How can cab firms fight back against Uber?

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Uber has had some recent problems with its share price, but the company is here to stay, many more are joining the party. Many cab firms are now looking over their shoulder and wondering how long it will be before they go out of business.

Lets look at areas where Uber has challenges:

1. Reputation

From prospectus “If platform users engage in, or are subject to, criminal, violent, inappropriate, or dangerous activity that results in major safety incidents, our ability to attract and retain Drivers, consumers, restaurants, shippers, and carriers may be harmed, which could have an adverse impact on our reputation, business, financial condition, and operating results.” 

A bricklayer died when an Uber driver did not take “reasonable care” and drove off with the man halfway out of the car, a coroner has ruled. 

Samuel Thomas, 30, was living in Australia when he died on 17 June 2017. 

He was travelling home with friends from a party in Sydney when the Uber driver stopped at traffic lights and Mr Thomas started to leave the car. Coroner Geoffrey Sullivan said Mr Thomas, from Harpenden, Hertfordshire, fell into the path of a bus. He said the Uber driver Nazrul Islam had “not exercised reasonable care”. 

Judge Ruled: “The only explanation is that Mr Islam was much more fatigued than he admitted.” 

https://www.bbc.co.uk/news/uk-england-beds-bucks-herts-48205108

2. Frustrated Drivers

Recent strikes by drivers against uber are due to poor pay and hard working conditions, this is growing frustration amongst drivers. 

“Drivers are the main source of profit for these companies. They are not losing money, we are losing money. We are losing time – working into late nights, sleeping in places like this, because you have to, you have to do it to make money,” he added. 

https://www.theguardian.com/technology/2019/may/07/the-uber-drivers-forced-to-sleep-in-parking-lots-to-make-a-decent-living

3. Business Model

First, some figures. Uber loses buckets of money. It lost $3.0 billion in 2018 on $11.2 billion in revenue from its basic operations. It sold its interest in a couple of other ride-hailing firms, which enabled it to book a profit, but despite a tripling in revenue since 2016, its losses were essentially the same in both years.

(https://jacobinmag.com/2019/05/uber-ipo-profitability-value-labor-costs ) 

As Lacy put it in an interview soon after Kalanick’s ouster, “The thing that’s gonna kill Uber has nothing to do with who’s at the company, has nothing to do with scandals, has nothing to do with any of this. The thing that’s gonna kill Uber is when Uber finally has to charge what it costs to get a car to you. ”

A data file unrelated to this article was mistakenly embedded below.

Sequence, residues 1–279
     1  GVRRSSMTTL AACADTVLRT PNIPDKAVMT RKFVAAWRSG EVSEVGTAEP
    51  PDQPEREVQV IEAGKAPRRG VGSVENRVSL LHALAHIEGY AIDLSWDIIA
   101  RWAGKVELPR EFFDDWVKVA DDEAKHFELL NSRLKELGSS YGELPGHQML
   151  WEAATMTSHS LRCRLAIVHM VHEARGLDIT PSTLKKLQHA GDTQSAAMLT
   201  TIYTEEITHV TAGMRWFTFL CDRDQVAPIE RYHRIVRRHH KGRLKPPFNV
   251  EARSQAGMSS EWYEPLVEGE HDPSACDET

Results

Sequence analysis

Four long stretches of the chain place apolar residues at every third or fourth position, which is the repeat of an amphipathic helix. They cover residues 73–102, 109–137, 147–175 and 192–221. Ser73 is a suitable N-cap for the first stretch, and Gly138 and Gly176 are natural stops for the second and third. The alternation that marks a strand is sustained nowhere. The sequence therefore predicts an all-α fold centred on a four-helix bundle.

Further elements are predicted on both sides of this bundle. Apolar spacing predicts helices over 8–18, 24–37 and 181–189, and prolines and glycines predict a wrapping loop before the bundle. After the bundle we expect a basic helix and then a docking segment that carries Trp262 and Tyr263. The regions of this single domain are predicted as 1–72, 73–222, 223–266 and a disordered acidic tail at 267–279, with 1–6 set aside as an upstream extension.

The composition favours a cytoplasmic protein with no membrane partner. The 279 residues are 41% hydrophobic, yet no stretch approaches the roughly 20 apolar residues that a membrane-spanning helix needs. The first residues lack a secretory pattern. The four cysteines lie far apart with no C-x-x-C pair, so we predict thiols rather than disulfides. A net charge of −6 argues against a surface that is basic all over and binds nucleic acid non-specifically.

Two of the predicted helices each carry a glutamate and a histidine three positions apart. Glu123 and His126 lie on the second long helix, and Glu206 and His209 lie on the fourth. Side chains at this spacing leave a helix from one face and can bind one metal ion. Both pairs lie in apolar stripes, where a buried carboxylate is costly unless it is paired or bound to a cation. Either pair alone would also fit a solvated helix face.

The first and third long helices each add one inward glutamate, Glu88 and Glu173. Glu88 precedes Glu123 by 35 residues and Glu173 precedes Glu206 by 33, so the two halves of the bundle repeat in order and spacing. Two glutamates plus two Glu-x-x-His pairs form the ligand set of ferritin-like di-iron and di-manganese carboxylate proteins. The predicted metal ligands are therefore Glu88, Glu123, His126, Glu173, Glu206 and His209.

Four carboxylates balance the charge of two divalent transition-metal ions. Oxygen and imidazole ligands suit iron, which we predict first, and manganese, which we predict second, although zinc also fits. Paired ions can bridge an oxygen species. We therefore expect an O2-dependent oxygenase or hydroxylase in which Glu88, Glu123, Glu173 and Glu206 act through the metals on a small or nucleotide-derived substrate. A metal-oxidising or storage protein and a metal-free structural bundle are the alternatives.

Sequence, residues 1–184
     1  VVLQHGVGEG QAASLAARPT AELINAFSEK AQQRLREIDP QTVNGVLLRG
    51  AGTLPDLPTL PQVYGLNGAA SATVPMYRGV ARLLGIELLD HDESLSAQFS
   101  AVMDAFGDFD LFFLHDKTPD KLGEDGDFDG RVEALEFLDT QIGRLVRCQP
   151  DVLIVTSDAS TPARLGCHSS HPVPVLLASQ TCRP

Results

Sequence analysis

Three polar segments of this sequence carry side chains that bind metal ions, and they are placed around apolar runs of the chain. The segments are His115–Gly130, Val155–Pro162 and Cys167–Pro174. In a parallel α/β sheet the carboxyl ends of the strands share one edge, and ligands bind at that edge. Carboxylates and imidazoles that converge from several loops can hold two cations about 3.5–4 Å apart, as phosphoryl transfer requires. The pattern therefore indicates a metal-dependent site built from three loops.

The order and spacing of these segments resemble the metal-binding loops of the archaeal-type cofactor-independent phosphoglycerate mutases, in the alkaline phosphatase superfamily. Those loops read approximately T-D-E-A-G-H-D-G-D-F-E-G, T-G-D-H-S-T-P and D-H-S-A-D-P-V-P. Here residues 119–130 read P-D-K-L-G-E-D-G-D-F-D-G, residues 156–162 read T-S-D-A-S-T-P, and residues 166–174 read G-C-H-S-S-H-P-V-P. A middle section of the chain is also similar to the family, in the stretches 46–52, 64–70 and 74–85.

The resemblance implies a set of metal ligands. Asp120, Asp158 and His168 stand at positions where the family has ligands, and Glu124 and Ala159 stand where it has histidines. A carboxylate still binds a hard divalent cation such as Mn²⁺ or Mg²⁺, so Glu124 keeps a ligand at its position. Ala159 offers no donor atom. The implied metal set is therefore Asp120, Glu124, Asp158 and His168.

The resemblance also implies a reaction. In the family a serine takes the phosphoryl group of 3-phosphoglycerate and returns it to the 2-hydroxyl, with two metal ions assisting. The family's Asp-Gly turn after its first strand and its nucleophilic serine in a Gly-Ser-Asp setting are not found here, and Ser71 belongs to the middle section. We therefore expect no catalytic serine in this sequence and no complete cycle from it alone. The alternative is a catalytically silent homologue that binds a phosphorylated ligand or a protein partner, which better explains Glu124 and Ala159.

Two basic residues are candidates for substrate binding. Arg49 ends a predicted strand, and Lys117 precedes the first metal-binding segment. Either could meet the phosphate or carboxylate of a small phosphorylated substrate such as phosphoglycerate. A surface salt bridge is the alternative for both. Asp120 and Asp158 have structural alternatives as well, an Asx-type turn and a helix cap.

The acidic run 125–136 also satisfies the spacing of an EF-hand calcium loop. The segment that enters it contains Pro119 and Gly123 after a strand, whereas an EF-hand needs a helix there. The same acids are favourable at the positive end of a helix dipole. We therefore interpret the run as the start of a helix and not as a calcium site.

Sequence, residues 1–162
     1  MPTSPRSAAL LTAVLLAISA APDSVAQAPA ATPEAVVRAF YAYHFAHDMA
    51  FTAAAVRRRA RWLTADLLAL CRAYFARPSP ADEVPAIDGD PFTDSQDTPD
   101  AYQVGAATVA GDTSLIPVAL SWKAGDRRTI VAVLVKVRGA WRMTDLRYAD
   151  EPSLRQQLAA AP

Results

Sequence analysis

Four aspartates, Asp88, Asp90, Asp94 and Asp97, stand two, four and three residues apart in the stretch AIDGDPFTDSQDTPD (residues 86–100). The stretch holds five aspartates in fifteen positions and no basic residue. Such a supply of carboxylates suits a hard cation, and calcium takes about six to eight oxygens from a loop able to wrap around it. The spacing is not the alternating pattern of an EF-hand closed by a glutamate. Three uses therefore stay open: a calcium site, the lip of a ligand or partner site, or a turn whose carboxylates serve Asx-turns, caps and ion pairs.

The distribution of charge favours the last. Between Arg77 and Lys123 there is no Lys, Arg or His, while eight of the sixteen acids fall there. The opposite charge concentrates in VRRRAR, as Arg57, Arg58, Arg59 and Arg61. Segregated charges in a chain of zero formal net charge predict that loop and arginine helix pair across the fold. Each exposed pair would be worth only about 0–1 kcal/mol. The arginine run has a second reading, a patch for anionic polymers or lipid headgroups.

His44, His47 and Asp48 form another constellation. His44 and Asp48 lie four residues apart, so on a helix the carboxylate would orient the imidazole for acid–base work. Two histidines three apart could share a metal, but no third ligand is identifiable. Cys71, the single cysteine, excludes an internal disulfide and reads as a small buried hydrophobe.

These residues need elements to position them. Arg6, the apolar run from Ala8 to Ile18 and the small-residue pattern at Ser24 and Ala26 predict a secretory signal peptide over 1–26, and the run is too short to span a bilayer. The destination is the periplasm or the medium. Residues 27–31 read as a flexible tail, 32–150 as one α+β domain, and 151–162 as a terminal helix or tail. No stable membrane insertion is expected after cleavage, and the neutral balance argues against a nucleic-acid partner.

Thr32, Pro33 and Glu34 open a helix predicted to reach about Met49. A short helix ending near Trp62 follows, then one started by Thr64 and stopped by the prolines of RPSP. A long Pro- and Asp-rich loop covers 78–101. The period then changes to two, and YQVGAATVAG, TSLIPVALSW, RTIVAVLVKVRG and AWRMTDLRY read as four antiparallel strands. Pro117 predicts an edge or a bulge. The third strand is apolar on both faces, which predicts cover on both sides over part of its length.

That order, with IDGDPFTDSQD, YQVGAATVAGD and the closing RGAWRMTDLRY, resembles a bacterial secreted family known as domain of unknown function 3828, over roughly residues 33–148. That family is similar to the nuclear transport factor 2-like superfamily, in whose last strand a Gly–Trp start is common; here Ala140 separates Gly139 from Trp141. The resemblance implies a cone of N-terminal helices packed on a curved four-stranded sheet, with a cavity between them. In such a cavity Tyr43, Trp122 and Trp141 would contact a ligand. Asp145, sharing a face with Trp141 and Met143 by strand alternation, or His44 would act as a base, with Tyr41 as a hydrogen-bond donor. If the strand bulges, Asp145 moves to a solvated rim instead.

https://www.susanjfowler.com/blog/2017/2/19/reflecting-on-one-very-strange-year-at-uber

4. Unethical

Today, in his horrifying scoop, Smith writes about the the lengths that at least one Uber executive, Emil Michael, was willing to go to discredit anyone– particularly a woman– who may try to question how Uber operates. 

https://pando.com/2014/11/17/the-moment-i-learned-just-how-far-uber-will-go-to-silence-journalists-and-attack-women/

5. Autonomous Cars

Prospectus: Autonomous vehicle technologies involve significant risks and liabilities. We have conducted real-world testing of our autonomous vehicles, involving a trained driver in the driver’s seat monitoring operations while the vehicle is in autonomous mode. In March 2018, one of these test vehicles struck and killed a pedestrian in Tempe, Arizona. Following that incident, we voluntarily suspended real-world testing of our autonomous vehicles for several months in all markets where we were conducting real-world testing, which was a setback for our autonomous vehicle technology efforts. Failures of our autonomous vehicle technologies or additional crashes involving autonomous vehicles using our technology would generate substantial liability for us, create additional negative publicity about us, or result in regulatory scrutiny, all of which would have an adverse effect on our reputation, brand, business, prospects, and operating results.

6. Coverage

Uber is extremely strong in big cities and towns, not so much in rural areas and small towns. There are more private hire cabs in the world than there are uber drivers.

Cabs.com approach to beating Uber and other digital hailing companies:

Challenge Cabs.com solution
Combine the customer friendly
digital hailing technology with
traditional cab firms.
Our app and dispatch system
allows full digital hailing app
technology for all cab firms on one customer app.
Provide better work for drivers by charging less (uber charge 25%) We only charge cab firms £30 per month and 10p per fare
Avoid spending extremely large
amounts of investors money, which results in high operating costs
Cabs.com does not spend any
money on advertising.
Stay ethical and transparent Cabs.com has stayed free for the
last 3 years and generated over
8000 reviews of cab firms
Come up with a strategy for self
driving cars that doesn’t involve
ploughing billions into R&D
Cabs.com will adopt a wait and see approach. It is likely that any self
driving solution will enable people to ‘rent out’ their cars when not in use.
Provide complete coverage by all
cab firms teaming up
Cabs.com already has 8000 cab
firms in the UK and 3000 in the US listed on its website.

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